One of the biggest challenges Karli faced with other home health physical therapy jobs was not having frequent “in-person” interaction with and feedback from other therapists. However, that changed when she joined KidsCare.
“They have the BEST team that allows you to be active in multiple avenues of communication to connect and collaborate with other therapists within the company to share ideas, ask questions, and navigate life as a pediatric therapist!” she explains.
Perks of Home Health Physical Therapy Jobs
Among the perks of her job, Karli names flexible scheduling as her favorite. This flexibility allows the therapist to make their own schedule and arrange patient visits when it’s convenient for all.
Another perk she enjoys is the parent and caregiver involvement. When the therapy takes place in the home, caregivers can observe the therapy, see progress, and get excited about the milestones their child is accomplishing.
“Pediatric home health speech therapists take part in a ‘team approach’ that involves not only a child’s therapist, but their family. I have seen the best progress take place in the home setting as a direct relationship to the compliance and empowerment made by our families,” Karli explains.
Average Day of a Home Health Occupational Therapist
Next, we spoke to Courtney, a pediatric home health occupational therapist. In her role, Courtney helps children with developmental delays, or a known physical or mental condition associated with a high probability of delays, develop the skills they need to become functional and independent adults.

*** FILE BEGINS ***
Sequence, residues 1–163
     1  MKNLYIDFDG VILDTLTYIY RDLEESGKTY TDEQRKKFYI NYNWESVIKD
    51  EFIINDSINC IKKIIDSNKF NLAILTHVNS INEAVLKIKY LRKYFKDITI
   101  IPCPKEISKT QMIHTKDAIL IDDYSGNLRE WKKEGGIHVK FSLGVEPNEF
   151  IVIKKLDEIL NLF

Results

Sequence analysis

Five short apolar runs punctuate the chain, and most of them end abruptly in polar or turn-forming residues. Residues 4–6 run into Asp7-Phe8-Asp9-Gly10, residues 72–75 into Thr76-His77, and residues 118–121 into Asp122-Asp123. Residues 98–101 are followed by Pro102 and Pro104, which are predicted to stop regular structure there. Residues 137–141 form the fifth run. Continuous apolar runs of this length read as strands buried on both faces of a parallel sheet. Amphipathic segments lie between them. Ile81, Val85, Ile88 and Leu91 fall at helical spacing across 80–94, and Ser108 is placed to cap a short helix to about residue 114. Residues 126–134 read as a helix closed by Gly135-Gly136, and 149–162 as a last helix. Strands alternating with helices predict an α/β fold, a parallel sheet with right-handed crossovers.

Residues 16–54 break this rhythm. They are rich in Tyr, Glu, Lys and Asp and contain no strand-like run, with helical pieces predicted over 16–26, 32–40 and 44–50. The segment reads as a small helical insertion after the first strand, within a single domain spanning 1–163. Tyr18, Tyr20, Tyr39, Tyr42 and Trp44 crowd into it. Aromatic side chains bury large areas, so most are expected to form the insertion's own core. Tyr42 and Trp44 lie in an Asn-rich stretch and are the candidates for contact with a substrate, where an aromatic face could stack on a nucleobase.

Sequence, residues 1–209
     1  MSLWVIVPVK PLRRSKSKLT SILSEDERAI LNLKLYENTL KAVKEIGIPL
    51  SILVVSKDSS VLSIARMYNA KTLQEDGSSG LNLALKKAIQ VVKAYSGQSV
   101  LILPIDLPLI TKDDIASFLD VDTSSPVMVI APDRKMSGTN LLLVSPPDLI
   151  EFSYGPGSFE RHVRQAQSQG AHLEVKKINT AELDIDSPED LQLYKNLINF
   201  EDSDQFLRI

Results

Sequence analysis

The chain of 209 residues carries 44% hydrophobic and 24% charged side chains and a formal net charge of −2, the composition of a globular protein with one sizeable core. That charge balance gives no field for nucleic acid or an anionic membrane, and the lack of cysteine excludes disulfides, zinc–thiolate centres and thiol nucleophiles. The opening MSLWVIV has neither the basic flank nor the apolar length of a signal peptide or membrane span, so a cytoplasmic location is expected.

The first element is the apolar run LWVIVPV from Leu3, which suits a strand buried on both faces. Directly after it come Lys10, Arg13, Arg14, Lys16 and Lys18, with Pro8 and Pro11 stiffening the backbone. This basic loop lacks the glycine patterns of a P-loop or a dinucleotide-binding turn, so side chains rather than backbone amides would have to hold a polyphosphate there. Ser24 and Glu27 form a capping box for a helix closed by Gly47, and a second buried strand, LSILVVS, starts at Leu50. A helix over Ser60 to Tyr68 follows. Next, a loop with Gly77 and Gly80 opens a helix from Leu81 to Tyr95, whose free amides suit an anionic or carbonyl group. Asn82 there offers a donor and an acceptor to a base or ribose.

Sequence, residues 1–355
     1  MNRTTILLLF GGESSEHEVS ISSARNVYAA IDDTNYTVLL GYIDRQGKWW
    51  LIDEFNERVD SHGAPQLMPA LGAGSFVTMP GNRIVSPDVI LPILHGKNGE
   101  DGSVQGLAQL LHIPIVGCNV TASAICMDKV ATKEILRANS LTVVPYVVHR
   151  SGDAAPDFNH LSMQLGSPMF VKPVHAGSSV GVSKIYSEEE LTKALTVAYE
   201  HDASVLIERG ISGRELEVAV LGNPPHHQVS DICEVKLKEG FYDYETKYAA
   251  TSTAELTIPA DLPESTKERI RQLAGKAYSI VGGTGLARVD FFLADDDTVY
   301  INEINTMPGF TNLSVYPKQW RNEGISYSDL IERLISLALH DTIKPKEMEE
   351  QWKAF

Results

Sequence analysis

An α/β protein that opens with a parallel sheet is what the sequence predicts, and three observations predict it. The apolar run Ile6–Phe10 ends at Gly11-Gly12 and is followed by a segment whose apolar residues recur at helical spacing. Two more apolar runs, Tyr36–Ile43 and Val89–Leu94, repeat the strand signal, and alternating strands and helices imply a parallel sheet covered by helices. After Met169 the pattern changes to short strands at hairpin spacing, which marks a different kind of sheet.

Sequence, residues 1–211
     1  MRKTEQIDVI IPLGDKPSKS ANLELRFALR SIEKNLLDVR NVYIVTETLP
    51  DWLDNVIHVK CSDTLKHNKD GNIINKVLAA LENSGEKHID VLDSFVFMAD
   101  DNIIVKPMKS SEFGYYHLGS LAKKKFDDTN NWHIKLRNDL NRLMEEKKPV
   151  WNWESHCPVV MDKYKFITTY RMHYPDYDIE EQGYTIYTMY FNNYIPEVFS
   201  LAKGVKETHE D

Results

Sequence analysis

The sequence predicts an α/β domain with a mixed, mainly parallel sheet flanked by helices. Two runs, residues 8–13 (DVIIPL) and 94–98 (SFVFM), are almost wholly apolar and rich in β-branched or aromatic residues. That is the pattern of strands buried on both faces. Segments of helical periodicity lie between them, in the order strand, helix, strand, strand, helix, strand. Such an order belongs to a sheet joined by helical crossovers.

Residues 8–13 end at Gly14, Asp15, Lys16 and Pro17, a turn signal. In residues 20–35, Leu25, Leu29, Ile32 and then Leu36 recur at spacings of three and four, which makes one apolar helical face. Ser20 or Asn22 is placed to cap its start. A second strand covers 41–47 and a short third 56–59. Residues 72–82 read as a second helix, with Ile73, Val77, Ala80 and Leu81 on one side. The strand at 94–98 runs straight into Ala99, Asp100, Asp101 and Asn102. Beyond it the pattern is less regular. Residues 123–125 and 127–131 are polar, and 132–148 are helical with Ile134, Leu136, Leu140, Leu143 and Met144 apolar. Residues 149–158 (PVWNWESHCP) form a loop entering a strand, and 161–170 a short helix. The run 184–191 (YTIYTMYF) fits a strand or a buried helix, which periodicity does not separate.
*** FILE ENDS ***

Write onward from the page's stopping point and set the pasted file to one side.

Daily Home Health Occupational Therapist Responsibilities
Courtney typically sees 6-8 patients a day from 8 am – 5 pm. Her home health occupational therapist responsibilities include coordinating schedules with parents, educating parents on skills being addressed during our sessions, developing home programs that target specific needs, developing challenging and engaging interventions to target goals, making recommendations on toys and equipment that the family can continue to use at home, referring clients to necessary additional services (PT, ST, psychology) and collaborating with other disciplines, and completing and submitting paperwork including daily notes, evals, and progress notes.
Most Fulfilling Part of the Day of a Home Health Occupational Therapist
Courtney enjoys the flexibility and engagement being a pediatric home health occupational therapist provides. For example, at the end of the day, she enjoys being able to complete her paperwork at home, However, her greatest fulfillment is found in the wins she experiences with her s.
“When a client’s able to finally succeed in a task that has been challenging to them, I LOVE being the client’s biggest cheerleader!” she exclaims.
Biggest Difficulties of a Home Health Occupational Therapy Job
Courtney describes one of her greatest challenges as a home health occupational therapist as planning for the unexpected. Working with children doesn’t always mean her carefully made plans will happen as expected. Her solution? “I have learned to ALWAYS have a backup plan – because no matter how great you think an intervention is – the kiddo may not be interested in it that day.”
Other challenges associated with home health occupational therapy? Traffic and paperwork – both of which require some patience.
Perks of Home Health Occupational Therapy Jobs
Flexible scheduling is a great perk with home health occupational therapy jobs. Creating her own schedule, Courtney can work around unexpected events, vacation planning, and more – thereby creating a fulfilling work-life balance.
Speaking of fulfillment – that’s another perk! As a pediatric home health occupational therapist, helping clients reach milestones in their journey to independence is the greatest reward for the therapists, children, and caregivers.